Flight of the Innocent
1993, R, 105 min. Directed by Carlo Carlei. Starring Manuel Colao, Fererico Pacifici, Sal Borgese, Francesca Neri, Jacques Perrin.
REVIEWED By Marc Savlov, Fri., Jan. 28, 1994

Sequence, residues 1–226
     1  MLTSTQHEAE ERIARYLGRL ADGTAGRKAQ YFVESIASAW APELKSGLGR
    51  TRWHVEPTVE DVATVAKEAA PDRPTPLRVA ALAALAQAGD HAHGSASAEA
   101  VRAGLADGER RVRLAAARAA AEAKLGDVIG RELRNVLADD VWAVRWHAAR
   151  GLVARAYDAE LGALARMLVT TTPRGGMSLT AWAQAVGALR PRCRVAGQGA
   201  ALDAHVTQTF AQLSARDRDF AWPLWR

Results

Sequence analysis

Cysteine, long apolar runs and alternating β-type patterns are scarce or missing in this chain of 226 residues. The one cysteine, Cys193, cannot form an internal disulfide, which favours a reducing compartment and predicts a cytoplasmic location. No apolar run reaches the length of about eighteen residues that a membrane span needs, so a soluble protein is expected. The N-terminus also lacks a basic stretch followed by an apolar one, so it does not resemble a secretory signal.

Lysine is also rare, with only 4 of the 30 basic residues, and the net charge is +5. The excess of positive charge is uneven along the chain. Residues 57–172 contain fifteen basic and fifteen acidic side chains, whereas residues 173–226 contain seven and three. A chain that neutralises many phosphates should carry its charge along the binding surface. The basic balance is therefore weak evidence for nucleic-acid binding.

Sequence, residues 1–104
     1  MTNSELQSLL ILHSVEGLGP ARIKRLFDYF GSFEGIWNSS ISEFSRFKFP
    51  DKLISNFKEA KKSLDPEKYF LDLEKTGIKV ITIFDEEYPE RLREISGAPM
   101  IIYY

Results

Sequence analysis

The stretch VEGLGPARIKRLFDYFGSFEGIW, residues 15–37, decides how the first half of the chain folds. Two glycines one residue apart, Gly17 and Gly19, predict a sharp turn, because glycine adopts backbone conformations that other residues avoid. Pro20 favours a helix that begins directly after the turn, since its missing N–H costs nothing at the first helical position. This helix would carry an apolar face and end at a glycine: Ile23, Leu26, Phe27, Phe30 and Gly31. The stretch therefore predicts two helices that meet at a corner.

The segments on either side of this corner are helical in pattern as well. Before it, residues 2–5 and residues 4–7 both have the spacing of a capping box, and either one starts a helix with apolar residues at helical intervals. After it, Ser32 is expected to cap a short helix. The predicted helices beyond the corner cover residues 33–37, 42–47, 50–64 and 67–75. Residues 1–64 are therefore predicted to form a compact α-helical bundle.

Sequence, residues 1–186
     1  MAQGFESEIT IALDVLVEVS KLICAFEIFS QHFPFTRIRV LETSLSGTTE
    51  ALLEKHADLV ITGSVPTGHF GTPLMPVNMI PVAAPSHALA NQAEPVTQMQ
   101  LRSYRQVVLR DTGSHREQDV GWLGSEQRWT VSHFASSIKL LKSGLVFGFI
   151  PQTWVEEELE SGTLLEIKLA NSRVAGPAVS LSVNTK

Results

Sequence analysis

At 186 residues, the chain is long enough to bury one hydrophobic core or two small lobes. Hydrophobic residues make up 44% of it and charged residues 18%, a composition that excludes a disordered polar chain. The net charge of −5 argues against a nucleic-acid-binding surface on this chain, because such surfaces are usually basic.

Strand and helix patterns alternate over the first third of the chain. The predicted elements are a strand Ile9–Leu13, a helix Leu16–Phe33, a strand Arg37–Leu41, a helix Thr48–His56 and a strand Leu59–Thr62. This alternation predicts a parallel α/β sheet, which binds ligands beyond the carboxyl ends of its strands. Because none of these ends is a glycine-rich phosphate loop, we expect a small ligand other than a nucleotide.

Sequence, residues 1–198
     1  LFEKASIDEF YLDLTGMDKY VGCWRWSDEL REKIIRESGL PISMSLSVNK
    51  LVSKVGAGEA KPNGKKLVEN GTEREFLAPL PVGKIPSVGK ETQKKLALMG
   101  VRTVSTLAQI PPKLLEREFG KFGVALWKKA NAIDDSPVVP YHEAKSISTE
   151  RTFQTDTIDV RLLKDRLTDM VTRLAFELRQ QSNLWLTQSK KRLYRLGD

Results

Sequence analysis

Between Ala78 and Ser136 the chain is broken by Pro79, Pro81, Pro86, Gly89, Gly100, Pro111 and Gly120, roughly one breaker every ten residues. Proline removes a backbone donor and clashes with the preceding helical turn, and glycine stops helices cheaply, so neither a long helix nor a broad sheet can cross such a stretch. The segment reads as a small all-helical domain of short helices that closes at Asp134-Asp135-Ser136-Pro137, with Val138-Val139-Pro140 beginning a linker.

Ten-year-old Vito (Colao) lives in Calabria, in southern Italy, a place where the sun bakes sleepy villages populated by farmers, sheepherds, and kidnappers. His family is one of those who regularly derives income from kidnapping the children of wealthy northern families, but when his father brutally kills two members of a rival family, the vengeance is swift, merciless, and extremely bloody. Young Vito's entire family is massacred, and he, alone, is left to fend for himself against the chief assassin, a hideously scarred maniac who pursues the boy with a religious zeal, never stopping, never resting. Rightfully terrified, the boy makes his way to Rome to hide with his cousin, a worldly fellow who, like Vito, longs to put the family business behind him and move on to more sane opportunities. Meanwhile, the boy is haunted by flickering television images: entreaties from the parents of a kidnapped boy whom he has seen, dead in a Calabrian cave. Director Carlei opens the film with an astonishing bloodbath straight out of Peckinpah or Leone -- plenty of slow motion slaughter alongside repeated close-ups of grit-stained faces and tired eyes -- and then takes it in an almost spiritual direction. From the beginning, it's understood that this young boy is consciously attempting to break free from the chains of a horrible familial tradition. Instead of thinking about kidnapping and the like, he lies on the ground, staring up into the sky, and daydreams about being a hawk, soaring into the blue. Adults, it seems, are utterly insane, and he wants no part of it, despite the fact that, in the words of his cousin's partner in crime, he has “the same blood, the same flesh. It's in you.” Carlei (this is his debut film) has crafted a peculiar chase film here: not only is Vito being pursued by a vengeful killer, but also by a destiny he may not be able to escape. It's a wonderfully lyrical juxtaposition, and cinematographer Raffaele Mertes does a brilliant job, imbuing the film with the rich, natural tones of Calabria, and then with the stark, foreboding shadows of modern Rome. It's one of the better debuts I've seen in a while, full of lasting images and a touch of the classic Italian art film, but it's also a harried, thrilling chase across the unknown country of a boy's heart.